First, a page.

The main challenge facing this design is the huge power disparity between received and sent signals and the need to filter out the sent signal to prevent saturation of the received signal.

Smart Med: Medication Management System

Personnel: Kelsey Blair, Simon Diemert, Paul Hunter, Kirk Richardson


In the world of modern medicine, patients who do not adhere to their prescribed medication regimens may be at risk of injuring themselves; it is estimated that the cost of damages caused by medication non-adherence in Canada is $1.6B annually. The complexity of the regimen can place a demand on the lifestyle of a patient leading to non-adherence in those who cannot smoothly integrate their medications into their everyday life. The Smart Med Medication Management System provides an easy and portable solution to help remind users when to take their medication, while helping them create a schedule that fits, or minimally interferes with, their lifestyle.

The system consists of a set of 'smart' pill bottles, each of which is capable of communicating wirelessly with a base station to retrieve prescription information and transmit adherence information. The bottles use the prescription information to notify the user with audio, tactile, and visual cues to indicate a dosage is needed. Prescription information and instructions are displayed on an ePaper screen embedded within each bottle.

Group 6

Personnel: Anubhav Mishra, Cole Bosmann, Conrad Foucher


The Air.Auth team plans to create a web­based password management service that incorporates Leap Motion technology. Like all password managers, the Air.Auth system will allow users to store their various passwords and access them using a single master authentication. Instead of the traditional username and password combination, Air.Auth will allow users to gain access to all their stored passwords by scanning their hand with a Leap Motion Device. Air.Auth will also enable users to record hand gestures and assign them to specific websites for which they have stored passwords. By combining these two features, Air.Auth makes logging into a website as easy as showing your hand and making a gesture. Air.Auth will be accessible on devices that support Leap Motion and Google Chrome extensions, allowing users to have access to their passwords wherever they go. Not only that, but the Air.Auth team will be publishing this service under an open source license, allowing for free usage and open development for all. With Air.Auth, your hand is your identity, and what you can do with it just got a lot more powerful.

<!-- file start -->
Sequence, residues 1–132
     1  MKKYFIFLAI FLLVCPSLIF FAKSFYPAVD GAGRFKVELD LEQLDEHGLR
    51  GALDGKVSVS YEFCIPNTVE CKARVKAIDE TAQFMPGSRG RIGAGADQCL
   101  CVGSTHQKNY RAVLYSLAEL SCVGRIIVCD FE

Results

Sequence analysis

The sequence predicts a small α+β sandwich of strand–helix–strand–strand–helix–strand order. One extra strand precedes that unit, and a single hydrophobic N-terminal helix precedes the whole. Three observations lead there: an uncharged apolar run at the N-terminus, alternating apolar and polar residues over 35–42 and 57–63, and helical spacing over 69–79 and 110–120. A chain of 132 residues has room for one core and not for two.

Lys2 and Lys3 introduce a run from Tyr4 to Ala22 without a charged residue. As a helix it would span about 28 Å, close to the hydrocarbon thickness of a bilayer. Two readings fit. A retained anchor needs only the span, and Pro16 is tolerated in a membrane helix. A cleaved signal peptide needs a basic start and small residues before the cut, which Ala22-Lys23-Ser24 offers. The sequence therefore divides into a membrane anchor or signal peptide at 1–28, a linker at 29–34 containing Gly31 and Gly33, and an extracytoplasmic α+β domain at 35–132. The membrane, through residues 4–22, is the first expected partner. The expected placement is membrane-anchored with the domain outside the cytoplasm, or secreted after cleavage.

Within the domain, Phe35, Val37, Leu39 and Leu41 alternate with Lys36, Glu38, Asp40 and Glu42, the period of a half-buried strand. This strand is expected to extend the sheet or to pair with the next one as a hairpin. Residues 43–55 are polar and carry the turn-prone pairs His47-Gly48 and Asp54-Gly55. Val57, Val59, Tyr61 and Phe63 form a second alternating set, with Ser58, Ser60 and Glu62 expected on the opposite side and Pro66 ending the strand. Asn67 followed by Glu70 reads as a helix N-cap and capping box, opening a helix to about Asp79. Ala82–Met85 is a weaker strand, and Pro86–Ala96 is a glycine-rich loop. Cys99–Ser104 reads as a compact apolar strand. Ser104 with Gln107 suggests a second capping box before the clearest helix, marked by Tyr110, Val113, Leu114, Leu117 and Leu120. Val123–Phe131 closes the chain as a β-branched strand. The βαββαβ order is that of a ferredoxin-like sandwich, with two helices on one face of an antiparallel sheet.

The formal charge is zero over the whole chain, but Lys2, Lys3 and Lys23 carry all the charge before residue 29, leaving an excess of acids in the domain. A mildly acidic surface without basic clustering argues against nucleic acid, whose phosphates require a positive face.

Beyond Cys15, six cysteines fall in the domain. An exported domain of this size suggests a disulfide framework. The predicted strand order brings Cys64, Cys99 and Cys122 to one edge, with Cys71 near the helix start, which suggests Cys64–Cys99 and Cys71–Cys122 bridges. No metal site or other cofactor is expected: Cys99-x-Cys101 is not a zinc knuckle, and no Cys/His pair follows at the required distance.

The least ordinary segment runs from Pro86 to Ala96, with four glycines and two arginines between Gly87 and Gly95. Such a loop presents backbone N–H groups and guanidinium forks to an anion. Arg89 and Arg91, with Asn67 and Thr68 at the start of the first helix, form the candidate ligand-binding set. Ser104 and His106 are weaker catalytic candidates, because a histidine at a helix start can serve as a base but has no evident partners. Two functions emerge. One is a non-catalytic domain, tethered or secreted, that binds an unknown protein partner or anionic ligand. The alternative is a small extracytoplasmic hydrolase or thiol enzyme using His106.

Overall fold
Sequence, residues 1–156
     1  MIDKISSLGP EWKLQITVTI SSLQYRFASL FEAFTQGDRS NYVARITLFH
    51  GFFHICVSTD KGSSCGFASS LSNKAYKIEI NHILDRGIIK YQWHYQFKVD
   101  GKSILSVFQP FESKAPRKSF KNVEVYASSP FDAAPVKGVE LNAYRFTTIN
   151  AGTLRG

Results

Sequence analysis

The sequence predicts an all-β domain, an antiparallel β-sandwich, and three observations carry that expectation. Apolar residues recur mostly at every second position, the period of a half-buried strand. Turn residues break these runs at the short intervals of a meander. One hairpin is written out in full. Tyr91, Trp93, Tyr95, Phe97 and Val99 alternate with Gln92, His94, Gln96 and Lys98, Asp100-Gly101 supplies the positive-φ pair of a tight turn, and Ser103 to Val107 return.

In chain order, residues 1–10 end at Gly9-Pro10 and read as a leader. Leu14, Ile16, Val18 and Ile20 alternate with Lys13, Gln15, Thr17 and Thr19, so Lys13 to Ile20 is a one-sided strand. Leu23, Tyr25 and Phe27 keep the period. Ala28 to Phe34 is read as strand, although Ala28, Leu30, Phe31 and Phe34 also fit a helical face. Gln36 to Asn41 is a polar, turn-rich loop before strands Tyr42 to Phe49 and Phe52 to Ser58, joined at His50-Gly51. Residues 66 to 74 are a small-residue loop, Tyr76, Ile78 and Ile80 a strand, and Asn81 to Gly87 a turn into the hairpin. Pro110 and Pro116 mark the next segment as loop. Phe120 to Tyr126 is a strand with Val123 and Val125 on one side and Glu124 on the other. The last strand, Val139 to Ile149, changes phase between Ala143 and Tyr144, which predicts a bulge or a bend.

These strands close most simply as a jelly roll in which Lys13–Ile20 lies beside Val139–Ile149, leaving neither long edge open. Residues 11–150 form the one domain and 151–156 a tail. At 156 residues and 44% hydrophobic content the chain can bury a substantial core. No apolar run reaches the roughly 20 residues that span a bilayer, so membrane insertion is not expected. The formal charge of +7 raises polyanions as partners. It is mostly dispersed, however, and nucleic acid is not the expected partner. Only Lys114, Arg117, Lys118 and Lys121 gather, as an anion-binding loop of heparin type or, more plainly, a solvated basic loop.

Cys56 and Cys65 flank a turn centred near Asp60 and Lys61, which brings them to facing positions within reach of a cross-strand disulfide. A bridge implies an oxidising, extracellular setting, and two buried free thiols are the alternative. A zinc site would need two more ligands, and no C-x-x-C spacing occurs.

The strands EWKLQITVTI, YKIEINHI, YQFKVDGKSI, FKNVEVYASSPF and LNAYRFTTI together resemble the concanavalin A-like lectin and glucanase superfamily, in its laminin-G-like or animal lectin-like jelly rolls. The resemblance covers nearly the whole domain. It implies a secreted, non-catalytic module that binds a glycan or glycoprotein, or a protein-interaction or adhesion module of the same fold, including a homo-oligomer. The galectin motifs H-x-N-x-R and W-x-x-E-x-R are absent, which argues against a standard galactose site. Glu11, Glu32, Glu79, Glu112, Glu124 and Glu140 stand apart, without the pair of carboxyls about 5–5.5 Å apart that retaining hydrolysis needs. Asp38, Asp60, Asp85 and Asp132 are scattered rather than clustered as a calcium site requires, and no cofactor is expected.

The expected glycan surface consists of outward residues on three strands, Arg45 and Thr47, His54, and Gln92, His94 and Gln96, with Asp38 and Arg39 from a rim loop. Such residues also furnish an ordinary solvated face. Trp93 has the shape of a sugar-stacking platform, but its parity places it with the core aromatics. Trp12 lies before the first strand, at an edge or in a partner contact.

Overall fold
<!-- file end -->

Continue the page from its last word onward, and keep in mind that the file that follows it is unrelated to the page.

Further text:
ESS Printer Service

Personnel: Saeedul Alam, James Parry, Steve Fagan, Tim Harris


The Engineering Student Society (ESS) currently operates a printer that allows engineering students and faculty to print out of the ESS office by creating a printing payment account. The current system used to unlock the printer has been in place for many years and has become outdated and confusing to use. It involves a series of command cards to operate and is very inefficient. Therefore, for our project we decided to create an updated system that will function using a 7 inch LCD screen as an easy-to-use user interface and will retrieve a payment account by scanning the radio-frequency identification (RFID) chip located in the persons' student card (UVic OneCard). This creates a system that can be easily used by students and faculty and involves much less help from ESS members for setup. Our design was built using a BeagleBone Black Microcontroller, Mifare RC522 RFID Card Reader Module and a BeagleBone LCD7 cape. We've also created an external account database connected via ethernet and each account is retrieved by searching for the corresponding RFID tag. Our printing payment interface will be attached and connected directly beside the ESS Kyocera printer.

Group 8

Personnel: Jacob Gulliver, Sean Rumsby, Lewis Weston, Tyler Lanigan

Project Summary

Both the craft brewing and home brewing industries are rapidly growing in BC. Many of the home-brewers possess the expertise to brew beers of similar quality to those from craft breweries but they lack the equipment to do so. Typical home-brewing setups are pieced together with whatever supplies can be found and are inefficient, imprecise, and require large amounts of labour. Our goal is to address all of these issues while keeping costs as low as possible.

A handful of home brewing automation systems exist; however, these systems are around 2000$ or more and may not be as efficient or precise as desired.

Technical Objectives

  • Automate the brewing process from the mash step to the end of the boil.
  • Cost should be below $1300.
  • Efficiency should be above 75%.
  • The system must be able to brew over 4 gallons of beer.